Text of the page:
Amnesty International's head of human rights in Ukraine, Oksana Pokalchuk, resigned on Friday after a report earlier this week accused the Ukrainian army of endangering civilians in the war with Russia
Pokalchuk said that the head office had no reaction to the Ukrainian office's opposition to the report.
"As it is now written, it looks like support for Russian propaganda. In an effort to protect civilians, this report has become Russian propaganda," Pokalchuk said on Facebook.
"It pains me to admit this, but we disagreed with the leadership of Amnesty International, so I have decided to leave the organization."
According to Pokalchuk, the Ukrainian branch of Amnestry had called for the position of Ukrainian defence to be carefully examined. But in the end that didn't happen.
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Instead, Amnesty International wrote on Thursday that the Ukrainian army is endangering civilians by shelling the Russian army from residential areas and fighting in populated areas.
The report continued that Ukrainian soldiers have set up bases and deployed weapon systems, which have been used to fire at the enemy from schools and hospitals. Subsequent Russian attacks on populated Ukrainian areas have killed civilians and destroyed much civilian infrastructure.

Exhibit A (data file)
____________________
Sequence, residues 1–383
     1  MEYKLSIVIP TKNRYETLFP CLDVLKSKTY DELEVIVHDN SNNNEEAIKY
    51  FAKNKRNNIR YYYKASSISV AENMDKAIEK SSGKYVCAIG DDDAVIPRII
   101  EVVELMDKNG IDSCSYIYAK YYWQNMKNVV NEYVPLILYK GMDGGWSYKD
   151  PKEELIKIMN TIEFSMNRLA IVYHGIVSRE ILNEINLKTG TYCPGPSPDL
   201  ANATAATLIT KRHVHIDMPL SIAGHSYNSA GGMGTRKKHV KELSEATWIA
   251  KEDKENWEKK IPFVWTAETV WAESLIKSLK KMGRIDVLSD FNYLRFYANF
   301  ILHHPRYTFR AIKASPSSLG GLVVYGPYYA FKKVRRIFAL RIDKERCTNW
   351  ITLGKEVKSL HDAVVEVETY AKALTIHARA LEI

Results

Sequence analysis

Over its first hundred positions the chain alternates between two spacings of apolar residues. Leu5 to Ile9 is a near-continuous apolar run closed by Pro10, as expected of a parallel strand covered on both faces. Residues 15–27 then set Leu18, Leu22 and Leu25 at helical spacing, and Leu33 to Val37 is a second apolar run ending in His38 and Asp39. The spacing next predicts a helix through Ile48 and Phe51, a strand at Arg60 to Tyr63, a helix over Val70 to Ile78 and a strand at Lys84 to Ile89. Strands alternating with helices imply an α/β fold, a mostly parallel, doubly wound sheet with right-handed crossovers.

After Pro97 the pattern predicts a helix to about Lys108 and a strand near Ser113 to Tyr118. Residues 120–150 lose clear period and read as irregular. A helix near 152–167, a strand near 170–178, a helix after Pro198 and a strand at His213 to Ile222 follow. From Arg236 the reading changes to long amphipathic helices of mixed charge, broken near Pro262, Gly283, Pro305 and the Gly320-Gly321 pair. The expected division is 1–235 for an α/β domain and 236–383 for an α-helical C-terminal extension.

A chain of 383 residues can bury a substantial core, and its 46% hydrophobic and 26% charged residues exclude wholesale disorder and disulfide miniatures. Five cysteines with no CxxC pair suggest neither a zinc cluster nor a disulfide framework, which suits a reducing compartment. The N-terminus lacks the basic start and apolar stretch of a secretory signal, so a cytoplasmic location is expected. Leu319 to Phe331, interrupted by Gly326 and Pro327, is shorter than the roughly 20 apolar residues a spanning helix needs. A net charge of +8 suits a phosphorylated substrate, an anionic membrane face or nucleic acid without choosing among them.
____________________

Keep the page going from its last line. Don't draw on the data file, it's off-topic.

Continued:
According to Amnesty chief Agnès Callamard, there is "a pattern" in the embattled regions of Charkiv, Donbas and Mykolaiv that Amnesty has examined.
Callamard claimed that "Ukrainian fighting tactics endanger civilians. The authorities should immediately locate its forces away from populated areas, or evacuate civilians from where the military is operating."
A Ukrainian political communications professional, denounced the report.
"I told myself I wouldn’t wish war upon anybody, but dear god I wish for a second you felt what we feel on a daily basis. I wish you knew what you’re advising," said Melaniya Podolyak in a Twitter thread on Thursday.
"I wish you felt the despair of Ukrainians who saw their military being forced to retreat and leaving them on their own."
On Thursday, President Volodimir Zelensky also strongly criticized the report. "The responsibility is thus shifted from the aggressor to the victim." With the report, "the human rights organization is trying to justify Russian terror," Zelensky said.